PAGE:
UT staff, students get involved at SXSW

Meara Isenberg

With more than 150 UT faculty, students and alumni participating in South by Southwest over the next few weeks, the University is making its mark on the world-renowned arts festival and conference.

“‘South By,’ in particular, it’s just such an amazing gathering place for innovators from all over the world,” UT marketing coordinator Chad Schneider said. “Considering the research focus within the University and a lot of the innovation happening (on campus), it just makes sense for the University and South by Southwest to work hand in hand.”

Two former UT students, Nick Barbaro and Louis Black, were members of the team that launched the first SXSW music festival in 1997. Today, Schneider said it is the festival’s prestige and proximity to campus that leads UT community members to take part in both SXSW and SXSWEDU, an educator-based learning expo happening this week.

This year at the SXSW festival, which begins March 9, professors will be featured on panels covering everything from implicit bias to balancing multiple jobs. René Salazar, assistant dean for diversity at Dell Medical School, will add his voice to the panel “Wait, What?! Bias is Killing Me?”

“What we are going to talk about is the unconscious, internalized biases that we are completely unaware of and (that) may have an impact on the things that we do,” Salazar said. “It isn’t a topic without its challenges … people sometimes embrace it, and sometimes push away and push away hard, but I’m really excited to (go to SXSW) and let folks know that this is an issue.”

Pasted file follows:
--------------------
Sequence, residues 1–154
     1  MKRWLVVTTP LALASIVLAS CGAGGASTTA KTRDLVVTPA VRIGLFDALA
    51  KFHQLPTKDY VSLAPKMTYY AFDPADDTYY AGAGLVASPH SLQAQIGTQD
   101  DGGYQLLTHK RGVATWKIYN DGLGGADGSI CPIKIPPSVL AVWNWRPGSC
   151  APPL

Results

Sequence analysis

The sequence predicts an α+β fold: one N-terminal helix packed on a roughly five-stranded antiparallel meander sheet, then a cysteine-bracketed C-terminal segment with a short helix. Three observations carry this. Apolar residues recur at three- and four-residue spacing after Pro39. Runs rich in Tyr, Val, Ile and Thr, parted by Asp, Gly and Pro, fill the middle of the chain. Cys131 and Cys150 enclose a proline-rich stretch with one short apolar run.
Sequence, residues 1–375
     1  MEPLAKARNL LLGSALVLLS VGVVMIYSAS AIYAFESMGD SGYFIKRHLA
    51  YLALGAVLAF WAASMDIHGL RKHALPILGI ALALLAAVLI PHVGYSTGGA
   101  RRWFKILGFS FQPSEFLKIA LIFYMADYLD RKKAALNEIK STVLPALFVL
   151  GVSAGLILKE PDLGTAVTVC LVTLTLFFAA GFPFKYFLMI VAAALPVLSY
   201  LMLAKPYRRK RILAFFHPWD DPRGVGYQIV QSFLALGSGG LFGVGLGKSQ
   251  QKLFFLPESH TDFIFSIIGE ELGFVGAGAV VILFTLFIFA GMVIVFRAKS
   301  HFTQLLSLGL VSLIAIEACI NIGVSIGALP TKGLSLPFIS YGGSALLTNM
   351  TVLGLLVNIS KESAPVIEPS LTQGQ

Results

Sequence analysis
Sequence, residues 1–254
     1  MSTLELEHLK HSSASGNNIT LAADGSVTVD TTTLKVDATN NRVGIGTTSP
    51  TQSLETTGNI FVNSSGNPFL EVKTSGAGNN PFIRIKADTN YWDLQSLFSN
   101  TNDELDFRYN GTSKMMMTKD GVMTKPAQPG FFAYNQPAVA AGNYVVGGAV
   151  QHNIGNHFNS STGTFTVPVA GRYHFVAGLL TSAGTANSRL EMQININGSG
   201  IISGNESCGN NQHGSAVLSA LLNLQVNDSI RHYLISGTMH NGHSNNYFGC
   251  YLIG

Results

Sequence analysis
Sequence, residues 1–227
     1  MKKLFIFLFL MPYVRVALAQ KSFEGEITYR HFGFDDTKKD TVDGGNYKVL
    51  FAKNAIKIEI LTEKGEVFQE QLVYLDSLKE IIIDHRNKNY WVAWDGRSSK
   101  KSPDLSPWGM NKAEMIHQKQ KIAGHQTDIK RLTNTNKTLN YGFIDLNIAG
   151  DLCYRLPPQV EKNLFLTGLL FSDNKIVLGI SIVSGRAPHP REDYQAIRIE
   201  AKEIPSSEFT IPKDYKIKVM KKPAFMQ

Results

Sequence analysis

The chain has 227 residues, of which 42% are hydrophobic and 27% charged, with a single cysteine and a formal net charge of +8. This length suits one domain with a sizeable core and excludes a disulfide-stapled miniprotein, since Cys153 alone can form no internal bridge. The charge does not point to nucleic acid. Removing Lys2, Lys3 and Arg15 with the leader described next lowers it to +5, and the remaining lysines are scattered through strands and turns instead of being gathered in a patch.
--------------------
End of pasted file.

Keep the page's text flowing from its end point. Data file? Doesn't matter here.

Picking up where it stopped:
Psychology professor Art Markman, who also works in blogging, company consulting and music, is lending his experience to the panel, “How to Get What You Want Out of Side Gigs.” He said SXSW has become an important part of Austin’s intellectual life.

“I think faculty sees a lot of value in spreading the research that they work on,” Markman said. “It’s a natural way for people to do it, and that’s why I think so many of our faculty end up engaging with ‘South By’ in different ways.”

The festival is also showcasing work from UT students such as Kenya Gillespie, radio-television-film graduate student. His documentary-style film, “The Crystal City,” about a World War II internment camp was selected to be screened alongside 11 other films at the festival’s 2018 “RTF Longhorn Denius Student Film Showcase.”

“My film is about … the internment camp that was in Crystal City, Texas,” Gillespie said. “It’s a really tiny town, and there aren’t many remains from the camp except for a few things, so I sort of wanted to understand the history more and connect it to the present day and the memories the internees had.”

Gillespie said he visited the internment camp — which is unique for having had Japanese, German and Italian internees — and felt connected to the tiny town. He said although his accomplishment has not sunk in yet, he is excited to sit down and watch his film at the SXSW screening.

“I think it’s good that this festival supports younger talents that are coming in because it’s hard for a lot of us students to get our names and our films and our art out there,” Gillespie said.